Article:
Estelle Morris: Education’s really hot topic has not been discussed in this election

Writing in the Guardian, former education secretary Estelle Morris says the most important debate – about schools helping each other – will only restart after the election…

However history describes this general election, it is unlikely to say education has been at its core… The big education policies of recent elections are taking a back seat…

So the new battle of ideas is how to rebuild the fabric of a school system that has been seriously fragmented and the new thinking is about how schools can be both independent and part of a wider schools network.

This debate has been led by Labour – it is the focus of the Blunkett report, the party’s main schools policy document produced in opposition – and the Conservatives have grudgingly moved on to this ground with the appointment of school commissioners. Important though this may be, it doesn’t have the political sex appeal of the debate around autonomy – “Freedom for heads”, or “Let parents run schools”, sparked much media and public interest. “Let schools help one another” isn’t going to appeal so much to headline writers…

I don’t know whether education will rise up the election agenda in the next 10 days, but whoever is sitting in the Department for Education after the votes are counted will still find themselves in charge of one of the most important areas of policy – and the debate will resume.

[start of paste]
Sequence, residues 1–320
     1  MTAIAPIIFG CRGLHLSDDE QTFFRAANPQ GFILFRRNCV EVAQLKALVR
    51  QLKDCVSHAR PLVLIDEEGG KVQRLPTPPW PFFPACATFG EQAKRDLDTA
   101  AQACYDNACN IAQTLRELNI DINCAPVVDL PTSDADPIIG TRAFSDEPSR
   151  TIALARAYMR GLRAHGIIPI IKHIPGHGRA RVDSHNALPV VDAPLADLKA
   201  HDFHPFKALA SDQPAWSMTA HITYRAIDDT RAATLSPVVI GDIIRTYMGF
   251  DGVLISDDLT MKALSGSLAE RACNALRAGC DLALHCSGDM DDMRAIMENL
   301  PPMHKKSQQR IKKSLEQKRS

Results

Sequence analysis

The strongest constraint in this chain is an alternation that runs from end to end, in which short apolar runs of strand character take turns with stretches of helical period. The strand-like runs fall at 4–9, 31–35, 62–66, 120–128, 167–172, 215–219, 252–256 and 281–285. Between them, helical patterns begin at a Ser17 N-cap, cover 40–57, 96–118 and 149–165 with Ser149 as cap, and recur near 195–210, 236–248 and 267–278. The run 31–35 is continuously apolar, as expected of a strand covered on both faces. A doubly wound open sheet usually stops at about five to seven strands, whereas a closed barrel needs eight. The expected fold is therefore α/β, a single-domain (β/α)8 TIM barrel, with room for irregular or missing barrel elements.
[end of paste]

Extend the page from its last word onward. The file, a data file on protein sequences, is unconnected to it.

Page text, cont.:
It has certainly been a strange election from an education perspective.

The debate over funding seems to have been deliberately fudged by all main parties who would probably prefer no one to know the realities of the real likely consequences of their plans. 

And nothing much else has got any traction or been the catalyst for debate – despite the significant ongoing interest in schools and education in the media away from the election.

However, is Estelle Morris right to suggest the real big issue facing schools now is working out how they can operate both independently and as part of a network? 

Your thoughts and reactions? Please share in the comments or via Twitter…


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  1. Anfieldexile

    SchoolsImprove It’s the way forward in Birmingham with BaronessMorris in the BEP chair. Watch this space

  2. TW

    It’s not a battle of ideas, it’s a battle between bright ideas from the likes of Estelle and her liblabcon mates (- including Blunkett, the worst ever Education Secretary, so bad he made Estelle seem not too bad) and people involved in education who actually know what they are talking about.

  3. When competition is injected into education, as the Coalition has done with its ‘choice’ agenda, then cooperation declines.  Schools are more likely to cheer if a neighbouring school gets a poor Ofsted rather than offer support; free schools are set up on the premise of being ‘better’ than local alternatives.  Hardly an atmosphere conducive to cooperation when WeAreSoBrilliant free school sets up after claiming local education was inferior.

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